As of January 4, 2013, the Food and Drug Administration had released for public comment a proposed rule on Preventive Controls for Human Food and a proposed rule on Standards for Produce Safety. These rules are two of the proposed rules that are key to the preventive food safety approach established by the 2011 Food Safety Modernization Act (FSMA), according to Bob McDonald of Food Safety Validation.
"The proposed rules build on existing voluntary industry guidelines for food safety, which many producers, growers and others currently follow," he said. "The Food and Drug Administration (FDA) expects to soon issue its proposed rule on importer foreign supplier verification; future proposed rules will address preventive controls for animal food and accreditation of third-party auditors." Facilities will be required to establish modern preventive controls that are consistent with the internationally recognized principles of HACCP (hazard analysis and critical control points).
So what does that mean to petfood producers? And are there any new preventative steps you should be taking?
According to Michael R. Taylor, deputy commissioner for foods at FDA, the first major milestone in implementing FSMA is the issuance of four foundational proposed rules that are critical to fulfilling the FSMA vision of a modern, prevention-oriented food safety system. They are:
- Preventive controls for animal food;
- Preventive controls for human food;
- Produce safety; and
- Foreign Supplier Verification Program.
The rulings for produce and human foods have been released, but these can be slightly confusing since the preventive control for human food rules issued include petfood in the definition of food covered by the rule and even define restaurants that include kennels. According to McDonald, FDA will issue a separate preventive controls rule for petfood in the near future—it could be an addendum to the preventive controls rule for human food or it may be a full explication—but the rule will have the same types of requirements except it will identify petfood safety hazards for pets and humans. For example, the animal food proposed rule does not require controls for allergens, since severe allergic reactions are not common in animals, explained Taylor.
"We are using the human food draft rule to get started on all petfood safety validation and verification activity. The general principles for the rules are the same," explains McDonald. "They are science and risk-based, flexible to address the diversity of operations and sensitive to small businesses."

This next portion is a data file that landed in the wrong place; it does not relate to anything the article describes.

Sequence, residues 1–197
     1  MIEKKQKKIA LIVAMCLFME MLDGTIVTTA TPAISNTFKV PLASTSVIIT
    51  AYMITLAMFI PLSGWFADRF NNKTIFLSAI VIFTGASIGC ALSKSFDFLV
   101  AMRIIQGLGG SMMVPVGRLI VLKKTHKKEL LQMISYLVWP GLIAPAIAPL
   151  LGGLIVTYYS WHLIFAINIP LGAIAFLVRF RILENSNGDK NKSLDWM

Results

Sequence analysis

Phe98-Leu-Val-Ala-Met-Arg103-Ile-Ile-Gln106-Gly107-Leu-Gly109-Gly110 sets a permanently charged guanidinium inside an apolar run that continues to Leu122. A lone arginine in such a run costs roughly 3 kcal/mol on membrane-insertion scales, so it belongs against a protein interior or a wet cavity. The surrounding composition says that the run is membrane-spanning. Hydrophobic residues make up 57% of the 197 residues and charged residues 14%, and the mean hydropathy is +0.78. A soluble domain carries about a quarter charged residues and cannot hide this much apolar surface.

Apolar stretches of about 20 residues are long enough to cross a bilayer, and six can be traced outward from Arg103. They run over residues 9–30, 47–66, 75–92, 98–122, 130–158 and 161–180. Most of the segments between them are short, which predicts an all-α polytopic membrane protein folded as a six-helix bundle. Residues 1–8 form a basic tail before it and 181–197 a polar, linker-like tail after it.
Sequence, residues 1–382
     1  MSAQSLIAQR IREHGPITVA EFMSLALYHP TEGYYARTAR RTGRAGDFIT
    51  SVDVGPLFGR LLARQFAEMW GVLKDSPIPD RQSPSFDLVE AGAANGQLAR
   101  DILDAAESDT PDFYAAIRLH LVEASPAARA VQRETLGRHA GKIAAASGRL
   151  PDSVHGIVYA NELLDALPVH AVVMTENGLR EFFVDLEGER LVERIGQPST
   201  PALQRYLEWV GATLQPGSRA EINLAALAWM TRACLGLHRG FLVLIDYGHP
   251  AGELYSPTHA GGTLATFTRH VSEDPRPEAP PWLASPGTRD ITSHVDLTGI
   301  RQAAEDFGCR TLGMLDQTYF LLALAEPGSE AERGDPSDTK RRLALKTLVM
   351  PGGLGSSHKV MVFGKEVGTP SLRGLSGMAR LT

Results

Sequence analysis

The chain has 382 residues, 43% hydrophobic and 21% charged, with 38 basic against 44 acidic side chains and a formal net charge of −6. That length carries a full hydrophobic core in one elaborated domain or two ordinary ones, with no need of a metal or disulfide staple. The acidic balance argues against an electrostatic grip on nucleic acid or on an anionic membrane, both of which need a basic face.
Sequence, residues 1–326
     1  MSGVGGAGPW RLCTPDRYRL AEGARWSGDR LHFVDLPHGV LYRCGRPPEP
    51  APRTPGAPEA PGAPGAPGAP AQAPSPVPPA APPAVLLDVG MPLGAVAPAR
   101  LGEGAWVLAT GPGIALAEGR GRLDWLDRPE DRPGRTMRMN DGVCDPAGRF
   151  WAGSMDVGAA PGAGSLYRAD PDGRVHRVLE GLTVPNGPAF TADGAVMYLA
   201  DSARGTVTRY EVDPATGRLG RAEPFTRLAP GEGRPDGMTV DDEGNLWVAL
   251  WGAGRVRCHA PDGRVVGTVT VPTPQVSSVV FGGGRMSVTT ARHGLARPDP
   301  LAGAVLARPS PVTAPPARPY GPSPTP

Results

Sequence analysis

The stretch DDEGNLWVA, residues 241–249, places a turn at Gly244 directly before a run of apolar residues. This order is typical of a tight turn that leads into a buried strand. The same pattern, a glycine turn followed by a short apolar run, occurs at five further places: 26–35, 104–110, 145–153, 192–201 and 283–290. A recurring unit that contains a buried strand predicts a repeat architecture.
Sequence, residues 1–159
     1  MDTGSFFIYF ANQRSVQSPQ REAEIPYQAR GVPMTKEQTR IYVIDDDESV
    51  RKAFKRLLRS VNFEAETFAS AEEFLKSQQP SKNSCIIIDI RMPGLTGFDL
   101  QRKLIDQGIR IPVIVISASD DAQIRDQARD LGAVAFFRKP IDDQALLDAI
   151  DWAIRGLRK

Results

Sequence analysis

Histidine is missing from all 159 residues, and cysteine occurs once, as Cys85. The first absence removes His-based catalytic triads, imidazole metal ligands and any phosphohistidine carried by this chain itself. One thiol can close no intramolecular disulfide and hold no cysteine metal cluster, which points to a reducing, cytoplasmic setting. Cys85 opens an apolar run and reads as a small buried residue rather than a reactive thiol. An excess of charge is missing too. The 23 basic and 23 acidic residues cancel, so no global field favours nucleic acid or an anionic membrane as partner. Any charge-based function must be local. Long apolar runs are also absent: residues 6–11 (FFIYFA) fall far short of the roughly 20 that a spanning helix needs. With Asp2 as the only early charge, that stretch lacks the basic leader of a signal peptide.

There are several areas that will be addressed by the animal food rule that are not in the rule for human food. The proposed rule will require that petfood and animal feed are correctly labeled as to the species for which they are intended since nutritional requirements differ considerably among species. In addition, nutrient content will need to be controlled for optimal health.
The animal food rule also addresses hazards that could affect human health—an example is aflatoxin, which would not generally be harmful for dairy animals but could end up as a carcinogenic residue in milk consumed by humans. In the same way, Salmonella must be controlled in petfood not because it can harm cats and dogs but because it could affect humans through cross contamination if mishandled in the home.
Another area of concern is import changes and the global food supply. Supply chain challenges for petfood manufacturers and distributors include:
- Upstream visibility
- Robust records
- Good tracking
- Maintaining cold chain
- Checking for unknown sources
- Controlling risk
According to Jim Giranda, the vice president of food safety and quality systems with American Nutrition Inc., preventive steps every petfood producer should take to prepare for the FSMA preventive controls for animal food are simple:
- Allergen controls;
- Cleaning and sanitizing;
- Employee hygiene;
- Environmental sampling;
- Recall preparedness; and
- Vendor quality.
Preventive controls are also particularly important when it comes to import and export, not just within your facility, says Dr. David W. K. Acheson, the managing director for food and import safety at Leavitt Partners LLC. He recommends an eight-step food safety plan (see Figure 1). The key to the upcoming implementation of FSMA is being prepared and educating yourself and staff on changes that need to be made to stay current and safe.